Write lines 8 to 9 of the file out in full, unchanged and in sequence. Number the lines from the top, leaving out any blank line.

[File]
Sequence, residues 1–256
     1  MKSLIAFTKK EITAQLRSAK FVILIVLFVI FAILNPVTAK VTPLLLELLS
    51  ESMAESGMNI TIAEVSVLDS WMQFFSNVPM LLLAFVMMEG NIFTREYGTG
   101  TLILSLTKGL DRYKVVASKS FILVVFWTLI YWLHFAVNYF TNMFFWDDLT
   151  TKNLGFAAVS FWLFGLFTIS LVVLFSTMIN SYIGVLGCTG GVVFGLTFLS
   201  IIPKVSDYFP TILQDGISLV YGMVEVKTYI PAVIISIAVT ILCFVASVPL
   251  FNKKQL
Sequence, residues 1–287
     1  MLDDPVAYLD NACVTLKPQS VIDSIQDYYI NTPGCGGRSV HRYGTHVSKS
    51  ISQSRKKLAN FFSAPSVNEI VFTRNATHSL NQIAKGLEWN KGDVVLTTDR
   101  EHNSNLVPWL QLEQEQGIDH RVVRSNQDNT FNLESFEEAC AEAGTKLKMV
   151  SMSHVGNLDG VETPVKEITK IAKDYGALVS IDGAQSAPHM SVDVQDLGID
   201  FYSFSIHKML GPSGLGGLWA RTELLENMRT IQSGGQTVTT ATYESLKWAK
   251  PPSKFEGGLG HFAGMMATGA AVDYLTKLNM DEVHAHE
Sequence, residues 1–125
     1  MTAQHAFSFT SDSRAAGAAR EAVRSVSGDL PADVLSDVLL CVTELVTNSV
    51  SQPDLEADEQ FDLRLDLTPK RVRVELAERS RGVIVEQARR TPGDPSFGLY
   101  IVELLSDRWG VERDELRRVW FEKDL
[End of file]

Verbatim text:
Sequence, residues 1–287
     1  MLDDPVAYLD NACVTLKPQS VIDSIQDYYI NTPGCGGRSV HRYGTHVSKS